Apple Card bank Goldman Sachs facing regulatory probe into credit card practices

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Apple Card bank Goldman Sachs facing regulatory probe into credit card practices

Apple’s partner bank for the Apple Card, Goldman Sachs, has disclosed that it is facing an investigation by the Consumer Financial Protection Bureau. The investigation is focused on Goldman’s credit card account management practices in the United States, of which Apple Card is a major component.

As reported by Reuters, Goldman disclosed the investigation in its quarterly form 10-Q filed with the US Securities and Exchange Commission.

The Consumer Financial Protection Bureau (CFPB) is the top United States agency and watchdog for consumer protection in the financial sector. The investigation into Goldman Sachs is centered on the bank’s credit card account management practices, which include a number of different factors.

Goldman said it is cooperating with the CFPB investigation in its filing with the SEC:

The firm is cooperating with the Consumer Financial Protection Bureau in connection with an investigation of GS Bank USA’s credit card account management practices, including with respect to the application of refunds, crediting of nonconforming payments, billing error resolution, advertisements, and reporting to credit bureaus.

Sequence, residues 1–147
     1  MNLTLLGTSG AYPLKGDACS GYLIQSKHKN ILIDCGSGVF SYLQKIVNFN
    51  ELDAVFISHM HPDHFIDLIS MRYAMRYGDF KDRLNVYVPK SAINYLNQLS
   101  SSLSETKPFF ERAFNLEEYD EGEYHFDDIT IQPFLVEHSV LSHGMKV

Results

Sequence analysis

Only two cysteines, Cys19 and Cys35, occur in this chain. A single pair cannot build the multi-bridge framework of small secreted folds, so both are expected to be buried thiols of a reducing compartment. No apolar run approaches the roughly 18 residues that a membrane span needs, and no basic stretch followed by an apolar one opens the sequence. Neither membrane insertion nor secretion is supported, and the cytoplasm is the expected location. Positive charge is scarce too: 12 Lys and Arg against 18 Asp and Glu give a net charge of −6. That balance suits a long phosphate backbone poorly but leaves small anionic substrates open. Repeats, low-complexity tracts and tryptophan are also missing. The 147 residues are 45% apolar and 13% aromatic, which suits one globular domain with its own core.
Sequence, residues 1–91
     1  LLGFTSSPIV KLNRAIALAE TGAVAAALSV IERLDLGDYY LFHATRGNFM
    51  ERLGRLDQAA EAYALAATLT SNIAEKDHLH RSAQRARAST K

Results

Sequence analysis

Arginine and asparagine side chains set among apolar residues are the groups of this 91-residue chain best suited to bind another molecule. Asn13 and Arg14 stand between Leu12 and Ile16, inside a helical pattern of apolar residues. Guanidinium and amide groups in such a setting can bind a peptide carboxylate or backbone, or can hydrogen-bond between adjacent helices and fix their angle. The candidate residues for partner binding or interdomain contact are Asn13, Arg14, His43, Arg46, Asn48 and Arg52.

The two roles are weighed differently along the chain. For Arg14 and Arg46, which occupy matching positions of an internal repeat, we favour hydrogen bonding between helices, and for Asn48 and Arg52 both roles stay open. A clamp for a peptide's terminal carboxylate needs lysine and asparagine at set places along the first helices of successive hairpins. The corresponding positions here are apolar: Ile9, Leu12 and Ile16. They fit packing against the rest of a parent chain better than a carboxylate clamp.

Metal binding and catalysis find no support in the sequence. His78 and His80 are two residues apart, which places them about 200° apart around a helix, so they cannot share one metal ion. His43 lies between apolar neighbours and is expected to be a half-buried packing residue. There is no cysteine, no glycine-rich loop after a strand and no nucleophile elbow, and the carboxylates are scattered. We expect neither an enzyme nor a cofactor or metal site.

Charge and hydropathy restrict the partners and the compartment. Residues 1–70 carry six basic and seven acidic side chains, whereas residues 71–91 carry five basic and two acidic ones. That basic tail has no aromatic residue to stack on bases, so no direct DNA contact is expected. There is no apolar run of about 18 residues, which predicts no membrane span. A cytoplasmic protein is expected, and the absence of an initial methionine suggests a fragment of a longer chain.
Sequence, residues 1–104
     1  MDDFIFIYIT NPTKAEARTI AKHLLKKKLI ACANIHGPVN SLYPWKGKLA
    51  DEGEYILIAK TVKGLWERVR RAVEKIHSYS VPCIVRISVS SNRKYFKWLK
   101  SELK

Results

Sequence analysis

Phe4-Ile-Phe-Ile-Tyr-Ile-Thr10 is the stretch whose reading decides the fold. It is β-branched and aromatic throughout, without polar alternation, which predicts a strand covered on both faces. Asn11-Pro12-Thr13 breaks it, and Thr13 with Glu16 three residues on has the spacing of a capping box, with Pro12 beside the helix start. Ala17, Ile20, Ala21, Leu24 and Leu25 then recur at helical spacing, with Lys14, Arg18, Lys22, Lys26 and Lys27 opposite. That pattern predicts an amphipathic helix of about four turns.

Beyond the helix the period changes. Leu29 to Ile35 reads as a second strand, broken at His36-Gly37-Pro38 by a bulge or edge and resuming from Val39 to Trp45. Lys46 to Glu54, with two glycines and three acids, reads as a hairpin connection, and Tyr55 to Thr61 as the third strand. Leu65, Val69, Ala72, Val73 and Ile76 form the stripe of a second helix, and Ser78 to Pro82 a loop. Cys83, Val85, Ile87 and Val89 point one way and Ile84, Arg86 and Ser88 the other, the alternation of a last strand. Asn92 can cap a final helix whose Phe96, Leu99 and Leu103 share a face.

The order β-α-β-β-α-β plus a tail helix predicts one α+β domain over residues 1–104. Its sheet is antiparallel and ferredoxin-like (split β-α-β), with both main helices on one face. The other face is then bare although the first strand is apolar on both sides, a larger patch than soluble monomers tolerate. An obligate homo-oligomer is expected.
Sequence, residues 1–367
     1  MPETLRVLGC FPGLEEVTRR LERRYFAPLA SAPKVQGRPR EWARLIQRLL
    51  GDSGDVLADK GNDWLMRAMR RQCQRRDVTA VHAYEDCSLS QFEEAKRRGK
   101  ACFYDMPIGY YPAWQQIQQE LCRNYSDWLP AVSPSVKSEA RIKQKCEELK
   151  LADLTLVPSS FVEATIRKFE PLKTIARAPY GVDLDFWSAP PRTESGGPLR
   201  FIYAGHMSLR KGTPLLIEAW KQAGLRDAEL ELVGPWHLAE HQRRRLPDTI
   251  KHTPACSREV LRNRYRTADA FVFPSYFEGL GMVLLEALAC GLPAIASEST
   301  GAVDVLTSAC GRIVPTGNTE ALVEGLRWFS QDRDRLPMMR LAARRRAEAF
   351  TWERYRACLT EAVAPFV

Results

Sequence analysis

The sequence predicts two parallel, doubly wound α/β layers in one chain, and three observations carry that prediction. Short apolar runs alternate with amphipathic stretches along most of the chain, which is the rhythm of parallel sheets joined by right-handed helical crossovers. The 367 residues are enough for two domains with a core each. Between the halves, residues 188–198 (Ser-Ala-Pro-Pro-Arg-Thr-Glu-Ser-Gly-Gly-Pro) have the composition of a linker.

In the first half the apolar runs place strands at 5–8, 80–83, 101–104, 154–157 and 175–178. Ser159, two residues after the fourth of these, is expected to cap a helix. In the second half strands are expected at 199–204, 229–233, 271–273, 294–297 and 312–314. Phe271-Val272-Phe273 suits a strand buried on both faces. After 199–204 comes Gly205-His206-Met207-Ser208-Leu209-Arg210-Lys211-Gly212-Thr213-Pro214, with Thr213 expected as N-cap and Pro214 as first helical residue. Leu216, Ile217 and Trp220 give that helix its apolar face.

Goldman Sachs only recently started pushing into the consumer credit card business in the United States; its partnership with Apple for the Apple Card is the largest initiative it has taken so far. Reuters points out that its only other primary consumer credit card offering is a co-branded credit card with General Motors.

Apple relies on Goldman Sachs for much of the Apple Card’s financial backend. This includes things like approvals and denials, credit limits, disputes, credit bureau reporting, and much more.

Apple Card sexism allegations

Shortly after its launch, Apple and Goldman Sachs faced accusations that gender discrimination was affecting the algorithms used to determine credit limits for Apple Card. These accusations prompted an investigation by the New York Department of Financial Services.

Goldman responded to the accusations by saying its credit decisions are “based on a customer’s creditworthiness and not on factors like gender, race, age, sexual orientation, or any other basis prohibited by law.” Apple never publicly responded to the accusations.

At this point, there are no further details on what exactly the CFPB is investigating, but it’s likely that Apple Card is at least included in the investigation, given the large role it plays in Goldman’s consumer credit card business.

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